As we filed into the airy, wood-panelled room at The Standard, a lithe young girl wearing a haltertop from Eckhaus Latta's fall '14 and an official-looking badge was on her hands and knees strewing leaves of Napa Cabbage across a pastel runway. “Is this part of the show?” someone whispered behind me, “Has it started?” It hadn’t, but that’s the beauty of Eckhaus Latta and their multidisciplinary presentations. They mire their already enigmatic collections in an elusive, greater artistic narrative. It’s brilliant and beautiful and confusing as hell.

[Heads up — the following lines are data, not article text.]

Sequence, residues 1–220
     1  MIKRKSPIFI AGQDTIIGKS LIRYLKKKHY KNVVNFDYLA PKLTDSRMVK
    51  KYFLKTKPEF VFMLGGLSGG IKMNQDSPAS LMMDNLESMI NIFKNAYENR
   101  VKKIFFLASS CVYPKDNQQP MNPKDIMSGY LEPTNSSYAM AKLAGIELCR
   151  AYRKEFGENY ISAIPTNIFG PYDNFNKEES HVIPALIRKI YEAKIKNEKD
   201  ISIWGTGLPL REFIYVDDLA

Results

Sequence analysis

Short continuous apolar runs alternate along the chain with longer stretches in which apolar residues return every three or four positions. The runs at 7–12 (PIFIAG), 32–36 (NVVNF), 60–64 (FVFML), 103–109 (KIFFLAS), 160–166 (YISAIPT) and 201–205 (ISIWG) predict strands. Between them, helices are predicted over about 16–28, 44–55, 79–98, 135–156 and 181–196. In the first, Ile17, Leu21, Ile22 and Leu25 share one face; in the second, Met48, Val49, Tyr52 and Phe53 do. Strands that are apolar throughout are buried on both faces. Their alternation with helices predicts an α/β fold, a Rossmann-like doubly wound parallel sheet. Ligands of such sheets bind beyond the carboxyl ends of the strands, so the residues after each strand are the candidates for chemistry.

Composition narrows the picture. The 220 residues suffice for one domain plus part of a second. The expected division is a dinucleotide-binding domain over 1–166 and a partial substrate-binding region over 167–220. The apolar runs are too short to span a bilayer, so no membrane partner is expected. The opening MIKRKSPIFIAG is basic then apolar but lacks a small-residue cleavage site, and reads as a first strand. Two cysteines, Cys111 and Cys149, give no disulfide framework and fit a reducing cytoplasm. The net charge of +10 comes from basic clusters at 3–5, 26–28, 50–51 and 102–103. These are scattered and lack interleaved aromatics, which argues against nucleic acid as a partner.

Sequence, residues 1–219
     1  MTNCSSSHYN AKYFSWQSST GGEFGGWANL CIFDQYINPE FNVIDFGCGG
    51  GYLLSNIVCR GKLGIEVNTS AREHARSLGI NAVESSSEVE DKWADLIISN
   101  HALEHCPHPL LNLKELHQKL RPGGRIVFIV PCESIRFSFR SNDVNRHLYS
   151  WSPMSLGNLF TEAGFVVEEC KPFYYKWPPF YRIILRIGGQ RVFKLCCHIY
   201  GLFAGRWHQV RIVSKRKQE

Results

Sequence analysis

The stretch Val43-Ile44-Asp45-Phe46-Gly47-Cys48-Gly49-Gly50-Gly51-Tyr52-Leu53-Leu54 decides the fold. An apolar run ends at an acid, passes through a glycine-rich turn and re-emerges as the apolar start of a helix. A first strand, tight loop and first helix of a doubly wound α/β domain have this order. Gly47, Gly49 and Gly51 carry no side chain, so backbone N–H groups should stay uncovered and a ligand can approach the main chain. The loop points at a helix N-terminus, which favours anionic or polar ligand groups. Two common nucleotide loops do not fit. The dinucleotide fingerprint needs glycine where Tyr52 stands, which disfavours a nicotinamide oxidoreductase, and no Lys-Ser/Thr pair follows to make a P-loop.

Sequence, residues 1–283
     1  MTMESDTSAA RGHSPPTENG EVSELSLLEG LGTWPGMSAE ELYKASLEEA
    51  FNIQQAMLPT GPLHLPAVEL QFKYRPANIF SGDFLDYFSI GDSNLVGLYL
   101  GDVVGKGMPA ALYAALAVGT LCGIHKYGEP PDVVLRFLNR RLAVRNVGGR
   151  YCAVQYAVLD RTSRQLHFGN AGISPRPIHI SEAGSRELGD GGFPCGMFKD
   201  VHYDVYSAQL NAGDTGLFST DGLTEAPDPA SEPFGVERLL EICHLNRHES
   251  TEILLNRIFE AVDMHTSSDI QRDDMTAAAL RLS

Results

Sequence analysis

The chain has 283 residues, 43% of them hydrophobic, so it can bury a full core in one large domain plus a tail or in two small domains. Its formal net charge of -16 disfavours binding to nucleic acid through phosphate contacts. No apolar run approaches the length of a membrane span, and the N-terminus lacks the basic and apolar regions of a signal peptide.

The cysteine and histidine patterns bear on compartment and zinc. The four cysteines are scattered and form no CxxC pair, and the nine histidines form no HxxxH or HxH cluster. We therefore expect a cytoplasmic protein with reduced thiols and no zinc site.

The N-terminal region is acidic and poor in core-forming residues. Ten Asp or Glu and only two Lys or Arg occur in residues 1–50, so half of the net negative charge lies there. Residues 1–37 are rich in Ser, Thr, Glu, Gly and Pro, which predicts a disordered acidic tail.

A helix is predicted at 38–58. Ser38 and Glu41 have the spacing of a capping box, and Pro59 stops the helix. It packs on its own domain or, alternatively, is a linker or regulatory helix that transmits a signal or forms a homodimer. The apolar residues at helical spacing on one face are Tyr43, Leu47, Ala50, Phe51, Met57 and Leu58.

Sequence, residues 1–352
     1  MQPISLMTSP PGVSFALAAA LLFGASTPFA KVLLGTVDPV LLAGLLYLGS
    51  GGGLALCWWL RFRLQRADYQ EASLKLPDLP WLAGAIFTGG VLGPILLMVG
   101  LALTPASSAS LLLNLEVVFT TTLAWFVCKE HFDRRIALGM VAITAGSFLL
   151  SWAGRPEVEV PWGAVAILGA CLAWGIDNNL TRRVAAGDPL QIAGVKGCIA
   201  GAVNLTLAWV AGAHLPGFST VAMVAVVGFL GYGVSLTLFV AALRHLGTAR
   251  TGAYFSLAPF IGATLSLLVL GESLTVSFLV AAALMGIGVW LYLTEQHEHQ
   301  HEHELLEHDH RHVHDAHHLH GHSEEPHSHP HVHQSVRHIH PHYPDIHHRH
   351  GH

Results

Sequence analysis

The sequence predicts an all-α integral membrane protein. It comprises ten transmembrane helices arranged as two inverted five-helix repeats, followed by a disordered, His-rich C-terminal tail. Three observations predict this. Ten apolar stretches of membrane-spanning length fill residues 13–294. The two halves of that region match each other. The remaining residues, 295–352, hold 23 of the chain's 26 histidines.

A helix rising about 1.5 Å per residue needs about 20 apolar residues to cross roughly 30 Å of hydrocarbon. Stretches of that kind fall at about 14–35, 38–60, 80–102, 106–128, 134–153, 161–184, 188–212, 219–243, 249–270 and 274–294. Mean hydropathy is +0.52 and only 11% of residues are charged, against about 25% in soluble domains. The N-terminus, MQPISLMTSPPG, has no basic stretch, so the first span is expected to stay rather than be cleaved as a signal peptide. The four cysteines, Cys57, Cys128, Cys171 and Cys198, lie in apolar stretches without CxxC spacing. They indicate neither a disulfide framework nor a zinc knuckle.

Soundtracked by a children’s choir underlined by a hollow, simplistic drum rhythm, the setting’s eccentricities belied a fairly standard runway presentation. A mix of models and regular people of all ages, who are so beautiful they look like models anyway, strode up and down, acting out Eckhaus Latta’s statements on sex and ruin. The crisp folds of blue denims and deceptively simple white tops that opened the show soon gave way to a kind of degraded earthiness. Rust-hued garments in various degrees of decay clutched at the bodies walking past us. Eckhaus Latta called the show “their sexiest yet,” and it was certainly the most revealing; I had a brief instinct to cover the eyes of the children’s choir. The conventional portion of the show ended when the models filed back onto the runway, grouped themselves by their garment’s colors and textures and fell repeatedly into each other. The dance, choreographed by Elle Erdman, evoked sex and shelter and had a kind of sadness: like survivors coming together after the apocalypse. As the choir stopped and we began to file out, a young boy jumped on the platform and began breakdancing on the lettuce. Somebody took a picture. I heard someone else ask, “Is this part of it?”